Nocebo effects in practice: methotrexate myths and misconceptions
Providing patients with accurate information will help overcome obstacles to the use of an effective treatment for rheumatoid arthritis
Weekly low dose methotrexate is the first-line agent and arguably an essential disease-modifying antirheumatic drug (DMARD) in the treatment of rheumatoid arthritis (RA).1 Australian rheumatologists’ practice mirrors the recommendations of international rheumatology associations2–4 for early treatment with methotrexate, often combined with other DMARDs. A trial of methotrexate in combination with other DMARDs is an Australian prerequisite for therapy with biological disease-modifying drugs. About 20% of more than 3.4 million Pharmaceutical Benefits Scheme-subsidised DMARD prescriptions issued between 2003 and 2007 to 236 000 Australians for the treatment of RA were for methotrexate.5 As older agents such as injectable gold, azathioprine and cyclosporine fall out of favour, methotrexate usage will likely increase, not only for treatment of RA but also other rheumatological and inflammatory conditions such as psoriatic arthritis, juvenile idiopathic arthritis and systemic vasculitis.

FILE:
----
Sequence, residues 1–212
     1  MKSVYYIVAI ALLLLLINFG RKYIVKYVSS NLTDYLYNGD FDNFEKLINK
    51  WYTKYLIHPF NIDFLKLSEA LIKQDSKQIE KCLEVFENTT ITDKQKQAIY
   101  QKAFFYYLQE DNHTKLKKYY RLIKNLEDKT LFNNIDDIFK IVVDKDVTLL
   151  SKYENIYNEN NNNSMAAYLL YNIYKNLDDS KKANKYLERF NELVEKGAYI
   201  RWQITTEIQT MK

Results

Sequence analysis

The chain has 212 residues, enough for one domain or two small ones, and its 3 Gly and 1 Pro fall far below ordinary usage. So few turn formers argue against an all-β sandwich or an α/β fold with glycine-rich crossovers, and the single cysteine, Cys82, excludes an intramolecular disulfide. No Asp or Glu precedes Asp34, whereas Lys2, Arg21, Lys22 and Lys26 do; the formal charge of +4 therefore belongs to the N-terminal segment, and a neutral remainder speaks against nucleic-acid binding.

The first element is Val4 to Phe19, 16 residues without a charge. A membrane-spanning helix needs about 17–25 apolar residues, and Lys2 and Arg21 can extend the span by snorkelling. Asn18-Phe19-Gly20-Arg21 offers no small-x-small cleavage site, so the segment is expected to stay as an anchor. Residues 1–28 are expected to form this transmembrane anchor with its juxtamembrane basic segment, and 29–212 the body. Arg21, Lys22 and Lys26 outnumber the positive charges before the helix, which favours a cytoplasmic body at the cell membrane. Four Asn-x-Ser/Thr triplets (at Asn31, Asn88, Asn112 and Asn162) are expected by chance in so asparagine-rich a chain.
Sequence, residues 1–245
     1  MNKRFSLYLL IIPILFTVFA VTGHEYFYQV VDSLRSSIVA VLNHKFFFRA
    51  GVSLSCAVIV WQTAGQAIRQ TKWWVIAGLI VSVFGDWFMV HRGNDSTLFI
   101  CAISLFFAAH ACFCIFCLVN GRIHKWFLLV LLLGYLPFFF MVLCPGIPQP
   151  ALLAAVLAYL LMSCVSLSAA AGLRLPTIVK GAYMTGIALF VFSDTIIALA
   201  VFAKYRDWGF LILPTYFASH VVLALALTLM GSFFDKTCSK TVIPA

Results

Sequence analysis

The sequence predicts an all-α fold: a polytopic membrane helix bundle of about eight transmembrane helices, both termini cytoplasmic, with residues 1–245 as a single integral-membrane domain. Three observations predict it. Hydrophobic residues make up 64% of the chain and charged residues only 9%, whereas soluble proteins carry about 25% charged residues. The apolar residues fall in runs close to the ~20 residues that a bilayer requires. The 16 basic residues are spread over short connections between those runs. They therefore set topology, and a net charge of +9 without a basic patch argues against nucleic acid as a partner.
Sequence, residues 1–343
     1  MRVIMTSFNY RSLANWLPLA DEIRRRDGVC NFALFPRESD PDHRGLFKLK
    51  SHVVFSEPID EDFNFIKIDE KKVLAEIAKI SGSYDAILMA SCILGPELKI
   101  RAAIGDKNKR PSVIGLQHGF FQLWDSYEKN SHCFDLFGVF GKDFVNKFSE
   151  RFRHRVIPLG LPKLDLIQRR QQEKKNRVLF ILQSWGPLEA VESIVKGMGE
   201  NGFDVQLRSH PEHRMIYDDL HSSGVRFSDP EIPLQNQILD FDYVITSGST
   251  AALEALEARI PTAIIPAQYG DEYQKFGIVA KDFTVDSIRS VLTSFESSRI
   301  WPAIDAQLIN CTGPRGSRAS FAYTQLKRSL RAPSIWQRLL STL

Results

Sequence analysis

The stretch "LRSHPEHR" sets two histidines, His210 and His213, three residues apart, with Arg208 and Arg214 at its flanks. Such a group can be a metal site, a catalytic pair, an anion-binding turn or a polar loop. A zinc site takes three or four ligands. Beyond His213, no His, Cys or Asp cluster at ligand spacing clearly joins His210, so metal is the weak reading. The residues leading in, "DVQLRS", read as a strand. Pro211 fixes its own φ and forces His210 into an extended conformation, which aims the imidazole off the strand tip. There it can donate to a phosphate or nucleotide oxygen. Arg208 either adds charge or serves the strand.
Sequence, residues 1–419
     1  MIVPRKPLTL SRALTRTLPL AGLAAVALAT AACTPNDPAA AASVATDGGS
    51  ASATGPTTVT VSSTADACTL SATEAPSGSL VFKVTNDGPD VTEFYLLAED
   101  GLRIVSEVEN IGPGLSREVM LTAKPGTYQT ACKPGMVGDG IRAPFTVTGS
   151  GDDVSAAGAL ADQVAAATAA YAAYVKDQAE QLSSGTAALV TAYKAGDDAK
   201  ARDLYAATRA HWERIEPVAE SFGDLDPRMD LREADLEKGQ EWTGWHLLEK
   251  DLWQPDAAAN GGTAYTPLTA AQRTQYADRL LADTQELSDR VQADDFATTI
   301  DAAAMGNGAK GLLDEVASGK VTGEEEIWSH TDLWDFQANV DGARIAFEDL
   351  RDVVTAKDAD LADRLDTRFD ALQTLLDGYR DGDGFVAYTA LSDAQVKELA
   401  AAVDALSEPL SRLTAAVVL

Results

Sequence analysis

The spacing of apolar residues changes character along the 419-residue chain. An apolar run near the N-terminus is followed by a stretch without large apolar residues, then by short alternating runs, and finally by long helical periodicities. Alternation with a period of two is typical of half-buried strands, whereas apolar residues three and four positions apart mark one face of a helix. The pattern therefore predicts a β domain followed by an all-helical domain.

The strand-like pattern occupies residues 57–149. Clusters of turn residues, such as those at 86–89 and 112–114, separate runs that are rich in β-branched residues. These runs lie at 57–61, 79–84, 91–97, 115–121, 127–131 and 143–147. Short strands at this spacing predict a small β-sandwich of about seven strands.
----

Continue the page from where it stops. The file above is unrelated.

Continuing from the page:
Knowledge of the pharmacology of methotrexate is important to understand its potential toxicity. The inter-individual bioavailability of oral methotrexate…